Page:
I've used various programs like this in the past, but they've always had major drawbacks, especially when it came to user interface and ease of use issues. For some, you almost needed to become a programmer to use them properly. And they were overly expensive to boot. But those days are past with a new crop of e-mail tools geared towards the middle and lower end of the market.
Why are these tools so important? If you're a small-business owner, you may find that other interactive marketing channels just aren't a viable option. Managing an effective search strategy is costly, complicated, and can require an ongoing series of seminars to keep up with the latest techniques. Plus, you're in direct competition for keywords with folks that have much more money than you. Banner advertising? Forget it. E-mail really becomes the only viable option.
With a properly managed e-mail list, you open up a dialogue with your customer. The ability to upsell, cross-sell, and develop a small army of repeat customers is only available through e-mail.
And the more niche your business is, the more effective you can be through e-mail in driving sales. I like traditional Irish music but I almost never buy it from any of the large record outlets. I buy from small record companies like Green Linnet and Celtic Groove Imports that send me e-mails on a regular basis listing monthly specials or hard-to-find items.
You can't get much smaller than Celtic Grooves, a one-person shop selling imported Celtic items.The company's latest e-mail to me began like this: "You may have noticed that there haven't been any newsletters from me for a while. I still don't know if my computer got a virus or if it was just one of those unexplained Windows incidents, but I was basically off the Net for a month, and finally had to resort to the drastic "format C:/" to regain control of my machine."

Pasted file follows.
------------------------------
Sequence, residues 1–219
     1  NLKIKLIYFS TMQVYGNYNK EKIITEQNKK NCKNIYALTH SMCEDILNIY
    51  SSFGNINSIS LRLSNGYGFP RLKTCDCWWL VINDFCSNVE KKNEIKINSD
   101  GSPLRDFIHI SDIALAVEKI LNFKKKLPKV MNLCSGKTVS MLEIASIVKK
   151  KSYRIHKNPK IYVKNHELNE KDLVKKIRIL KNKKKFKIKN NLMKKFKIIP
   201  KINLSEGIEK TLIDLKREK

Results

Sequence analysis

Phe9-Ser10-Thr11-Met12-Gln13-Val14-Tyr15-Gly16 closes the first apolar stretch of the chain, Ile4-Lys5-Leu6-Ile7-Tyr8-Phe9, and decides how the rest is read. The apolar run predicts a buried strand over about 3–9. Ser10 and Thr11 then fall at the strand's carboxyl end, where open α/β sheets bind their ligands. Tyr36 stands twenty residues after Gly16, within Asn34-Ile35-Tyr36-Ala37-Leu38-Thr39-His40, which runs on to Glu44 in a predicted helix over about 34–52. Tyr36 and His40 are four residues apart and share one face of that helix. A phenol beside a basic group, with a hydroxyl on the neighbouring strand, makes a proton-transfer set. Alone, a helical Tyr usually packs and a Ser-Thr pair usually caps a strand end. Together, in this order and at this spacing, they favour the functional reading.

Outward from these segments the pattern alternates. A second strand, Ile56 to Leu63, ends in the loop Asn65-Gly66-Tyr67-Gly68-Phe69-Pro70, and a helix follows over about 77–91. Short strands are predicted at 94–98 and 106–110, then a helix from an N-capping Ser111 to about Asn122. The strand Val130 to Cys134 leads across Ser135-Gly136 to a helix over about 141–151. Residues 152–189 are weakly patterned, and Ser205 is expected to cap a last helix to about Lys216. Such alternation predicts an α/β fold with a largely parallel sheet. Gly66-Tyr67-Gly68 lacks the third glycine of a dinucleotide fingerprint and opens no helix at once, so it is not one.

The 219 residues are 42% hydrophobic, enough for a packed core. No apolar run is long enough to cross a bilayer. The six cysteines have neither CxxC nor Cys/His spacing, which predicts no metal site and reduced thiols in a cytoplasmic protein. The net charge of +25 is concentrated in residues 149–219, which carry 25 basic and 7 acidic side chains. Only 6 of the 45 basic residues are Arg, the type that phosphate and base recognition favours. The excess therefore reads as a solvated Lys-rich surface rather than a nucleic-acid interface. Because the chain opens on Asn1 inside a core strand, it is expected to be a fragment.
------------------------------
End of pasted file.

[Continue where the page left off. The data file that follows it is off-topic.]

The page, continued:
I don't think you'll see anything like that coming out of Amazon.
It's not like I have anything against buying from Amazon, but Celtic Grooves reminds me that I like Irish music, and it's time I bought more. Amazon can't do that, because even with its ability to match my profile and past history with things I like, it's still too general and broad in its approach. I buy from Amazon when I think of something I want to buy.
Besides, I like a guy who needs to format his hard drive to sell me something. You just know he still has his 486 Gateway chugging away out there. And I know I'm going to get real customer service when I call him, not an automated machine.
I buy from my little Irish record companies when they remind me that I want to buy something. It's a push approach rather than a pull approach. Pull works for a large company.
A small company needs to be a little more "pushy."